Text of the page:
Most babies are born healthy. However, about 3-5% of babies have a birth defect or problem with development.1 This is true even for couples who have already had healthy children or don’t think they have anything in their background to raise concern.  Family planning and parenting decisions are very personal; Information about genetic risk empowers parents-to-be with more choices and more time.

 

 

 

Standard prenatal care includes screening for a few of the most common birth defects, but more services are available even though many parents-to-be are unaware. Planning ahead gives parents-to-be more choices and more time.

 

Treatment

More treatments exist for rare diseases than ever before.2  Treatments can include life-saving medications, but also surgeries and other therapies to improve or manage symptoms. Many babies can benefit from these therapies if their diagnosis is known. For most diseases, the earlier the diagnosis is made, the better.

 

Family planning 

Women or couples who learn about risks to a baby before pregnancy will have more options. Many don’t even realize that, for certain inherited diseases, couples could use the in vitro fertilization (IVF) process — even if they don’t have infertility — to test embryos. Other parents-to-be may choose to adopt instead of taking the chance of having a child with a severe disorder. Still others decide not to have children or if they already have children, they decide not to have more. 

 

Testing a Pregnancy

Some pregnant women and their partners choose to test a pregnancy if they know the fetus is at risk. If a definite diagnosis is made, some will decide to end the pregnancy, an option that is available in many states when a fetus has a serious problem. Other expecting parents use the time during pregnancy to prepare for a child with special needs. They may research the condition and connect with support groups. Sometimes, the mother may need to deliver at a special medical center with advanced support for the baby with medical needs in the newborn period.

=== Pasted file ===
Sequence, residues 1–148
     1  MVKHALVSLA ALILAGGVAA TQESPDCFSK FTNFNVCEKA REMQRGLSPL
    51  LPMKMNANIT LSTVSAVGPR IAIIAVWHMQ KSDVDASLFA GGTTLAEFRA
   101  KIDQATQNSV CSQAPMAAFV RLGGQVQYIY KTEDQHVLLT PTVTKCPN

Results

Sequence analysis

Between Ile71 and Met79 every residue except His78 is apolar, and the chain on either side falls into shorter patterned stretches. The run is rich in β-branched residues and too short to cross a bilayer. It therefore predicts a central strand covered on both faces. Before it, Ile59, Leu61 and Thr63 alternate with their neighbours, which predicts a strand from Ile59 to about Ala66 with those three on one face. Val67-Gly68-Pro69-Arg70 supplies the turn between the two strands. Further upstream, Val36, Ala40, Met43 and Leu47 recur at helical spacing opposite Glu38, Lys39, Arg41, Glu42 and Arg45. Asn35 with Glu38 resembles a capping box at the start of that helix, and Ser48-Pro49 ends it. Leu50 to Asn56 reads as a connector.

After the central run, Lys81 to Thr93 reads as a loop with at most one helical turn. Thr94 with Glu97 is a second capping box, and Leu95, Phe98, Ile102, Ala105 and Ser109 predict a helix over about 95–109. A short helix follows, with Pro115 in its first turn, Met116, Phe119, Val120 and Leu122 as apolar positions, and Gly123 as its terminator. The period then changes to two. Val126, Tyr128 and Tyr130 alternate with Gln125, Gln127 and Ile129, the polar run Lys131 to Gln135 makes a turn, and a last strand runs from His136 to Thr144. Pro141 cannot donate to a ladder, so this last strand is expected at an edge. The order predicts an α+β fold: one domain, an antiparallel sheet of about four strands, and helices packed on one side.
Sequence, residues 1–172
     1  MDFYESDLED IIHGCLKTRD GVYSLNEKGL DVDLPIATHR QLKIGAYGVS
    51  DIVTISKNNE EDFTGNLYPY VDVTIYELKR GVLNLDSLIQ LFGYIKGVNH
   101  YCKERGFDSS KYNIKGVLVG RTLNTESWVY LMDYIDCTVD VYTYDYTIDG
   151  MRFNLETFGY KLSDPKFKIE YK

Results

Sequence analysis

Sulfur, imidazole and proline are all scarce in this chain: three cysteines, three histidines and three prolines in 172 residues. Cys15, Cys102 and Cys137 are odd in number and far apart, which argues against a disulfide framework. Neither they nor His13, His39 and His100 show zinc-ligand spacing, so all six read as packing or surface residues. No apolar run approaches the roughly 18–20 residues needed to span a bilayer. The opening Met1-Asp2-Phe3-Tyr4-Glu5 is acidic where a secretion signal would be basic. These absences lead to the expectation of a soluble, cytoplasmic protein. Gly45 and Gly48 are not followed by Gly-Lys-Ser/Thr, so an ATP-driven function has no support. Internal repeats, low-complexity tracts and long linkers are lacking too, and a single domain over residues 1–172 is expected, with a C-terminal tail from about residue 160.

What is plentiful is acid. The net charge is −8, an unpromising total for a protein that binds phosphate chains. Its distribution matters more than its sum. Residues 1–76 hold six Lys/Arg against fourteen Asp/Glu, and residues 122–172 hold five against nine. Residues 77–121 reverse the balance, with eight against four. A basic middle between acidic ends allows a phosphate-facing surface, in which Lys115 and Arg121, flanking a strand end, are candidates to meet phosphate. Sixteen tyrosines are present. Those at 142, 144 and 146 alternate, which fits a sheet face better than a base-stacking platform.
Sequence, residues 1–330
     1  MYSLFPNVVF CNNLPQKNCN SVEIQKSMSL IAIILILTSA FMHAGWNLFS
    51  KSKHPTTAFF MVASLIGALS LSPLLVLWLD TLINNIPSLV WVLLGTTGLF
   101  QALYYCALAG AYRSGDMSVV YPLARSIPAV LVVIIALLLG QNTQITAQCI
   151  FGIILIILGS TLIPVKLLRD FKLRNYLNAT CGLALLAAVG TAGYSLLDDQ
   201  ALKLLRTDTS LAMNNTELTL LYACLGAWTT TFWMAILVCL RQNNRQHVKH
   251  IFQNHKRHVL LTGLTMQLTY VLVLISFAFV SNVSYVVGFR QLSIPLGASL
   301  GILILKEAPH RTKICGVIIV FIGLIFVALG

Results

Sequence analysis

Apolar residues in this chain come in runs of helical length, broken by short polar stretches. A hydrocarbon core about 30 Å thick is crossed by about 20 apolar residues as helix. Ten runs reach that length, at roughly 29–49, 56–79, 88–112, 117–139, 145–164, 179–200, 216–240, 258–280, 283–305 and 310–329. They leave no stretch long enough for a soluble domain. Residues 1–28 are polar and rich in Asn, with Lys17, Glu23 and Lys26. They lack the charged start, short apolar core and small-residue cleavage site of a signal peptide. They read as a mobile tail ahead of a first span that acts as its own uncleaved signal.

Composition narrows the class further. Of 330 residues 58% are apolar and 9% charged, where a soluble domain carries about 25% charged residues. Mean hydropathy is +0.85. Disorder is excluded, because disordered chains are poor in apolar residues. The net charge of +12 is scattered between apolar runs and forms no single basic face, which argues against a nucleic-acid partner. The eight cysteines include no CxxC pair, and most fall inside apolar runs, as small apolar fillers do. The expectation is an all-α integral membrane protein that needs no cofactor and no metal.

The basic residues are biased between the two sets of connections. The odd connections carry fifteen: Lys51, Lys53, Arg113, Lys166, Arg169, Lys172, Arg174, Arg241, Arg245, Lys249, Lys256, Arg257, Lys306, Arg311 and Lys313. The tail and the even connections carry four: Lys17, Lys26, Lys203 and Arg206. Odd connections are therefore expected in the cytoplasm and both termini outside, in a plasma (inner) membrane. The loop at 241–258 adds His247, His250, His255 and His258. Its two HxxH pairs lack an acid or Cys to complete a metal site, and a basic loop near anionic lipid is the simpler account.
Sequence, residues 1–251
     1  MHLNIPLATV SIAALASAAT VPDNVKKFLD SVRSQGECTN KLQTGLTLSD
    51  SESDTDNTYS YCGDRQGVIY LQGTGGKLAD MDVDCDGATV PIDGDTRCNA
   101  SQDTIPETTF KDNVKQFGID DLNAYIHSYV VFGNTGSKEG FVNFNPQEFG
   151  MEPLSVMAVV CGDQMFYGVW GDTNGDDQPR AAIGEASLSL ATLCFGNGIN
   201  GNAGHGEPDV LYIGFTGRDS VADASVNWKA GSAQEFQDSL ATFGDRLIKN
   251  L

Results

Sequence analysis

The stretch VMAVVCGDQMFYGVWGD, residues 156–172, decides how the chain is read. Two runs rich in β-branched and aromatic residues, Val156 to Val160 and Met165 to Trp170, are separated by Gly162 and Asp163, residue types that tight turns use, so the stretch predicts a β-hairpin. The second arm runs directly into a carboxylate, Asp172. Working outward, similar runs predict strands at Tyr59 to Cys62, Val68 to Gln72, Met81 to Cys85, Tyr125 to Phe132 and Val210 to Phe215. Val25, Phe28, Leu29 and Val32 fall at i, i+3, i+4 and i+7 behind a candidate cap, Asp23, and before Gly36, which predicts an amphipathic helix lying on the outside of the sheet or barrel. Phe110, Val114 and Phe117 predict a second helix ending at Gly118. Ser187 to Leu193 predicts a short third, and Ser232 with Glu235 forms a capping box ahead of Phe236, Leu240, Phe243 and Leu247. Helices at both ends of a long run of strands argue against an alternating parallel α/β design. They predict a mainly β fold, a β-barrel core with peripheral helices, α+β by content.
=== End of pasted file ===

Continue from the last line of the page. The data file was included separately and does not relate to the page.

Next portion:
Informing Relatives 

Different family members feel differently about caring for children with serious health problems. Sharing information may help identify other family members with higher risk and give them some of the options above.

 

 

Unfortunately, over 10% of women or couples have a genetic risk that is not identified by routine prenatal care.3 Mainstream Genomics fills the gap for women and their partners who are pregnant or considering pregnancy. Our online Pregnancy Planning DNA Navigator or Current Pregnancy DNA Navigator asks simple questions about health and family to generate a Personalized Screening Plan.  Licensed genetic counselors, who are experts in genetic risk and testing, are also available to answer questions and provide support.

  

You can find more information about our services at 

https://www.mainstreamgenomics.com

info@mainstreamgenomics.com

650-539-8842

 

Sources: 

  1. CDC, National Vital Statistics Report 2015
  2. Ferriera, CR. The burden of rare diseases. Am J Med Genet. 2019
  3. Meschede, SD and Horst, J. The practical importance of pedigree analysis in women considering invasive prenatal diagnosis for advanced maternal age or serum screening. Prenatal Diagnosis 2000.

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